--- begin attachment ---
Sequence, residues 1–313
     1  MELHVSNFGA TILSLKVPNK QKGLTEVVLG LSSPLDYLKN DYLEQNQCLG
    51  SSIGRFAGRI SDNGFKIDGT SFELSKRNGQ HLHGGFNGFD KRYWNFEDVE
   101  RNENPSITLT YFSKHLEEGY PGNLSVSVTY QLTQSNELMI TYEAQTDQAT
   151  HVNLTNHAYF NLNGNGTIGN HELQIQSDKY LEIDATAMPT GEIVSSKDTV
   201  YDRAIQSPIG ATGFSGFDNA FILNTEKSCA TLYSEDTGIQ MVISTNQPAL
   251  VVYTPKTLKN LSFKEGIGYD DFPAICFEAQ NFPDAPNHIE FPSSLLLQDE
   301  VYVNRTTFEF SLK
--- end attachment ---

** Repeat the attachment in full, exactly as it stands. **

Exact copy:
Sequence, residues 1–313
     1  MELHVSNFGA TILSLKVPNK QKGLTEVVLG LSSPLDYLKN DYLEQNQCLG
    51  SSIGRFAGRI SDNGFKIDGT SFELSKRNGQ HLHGGFNGFD KRYWNFEDVE
   101  RNENPSITLT YFSKHLEEGY PGNLSVSVTY QLTQSNELMI TYEAQTDQAT
   151  HVNLTNHAYF NLNGNGTIGN HELQIQSDKY LEIDATAMPT GEIVSSKDTV
   201  YDRAIQSPIG ATGFSGFDNA FILNTEKSCA TLYSEDTGIQ MVISTNQPAL
   251  VVYTPKTLKN LSFKEGIGYD DFPAICFEAQ NFPDAPNHIE FPSSLLLQDE
   301  VYVNRTTFEF SLK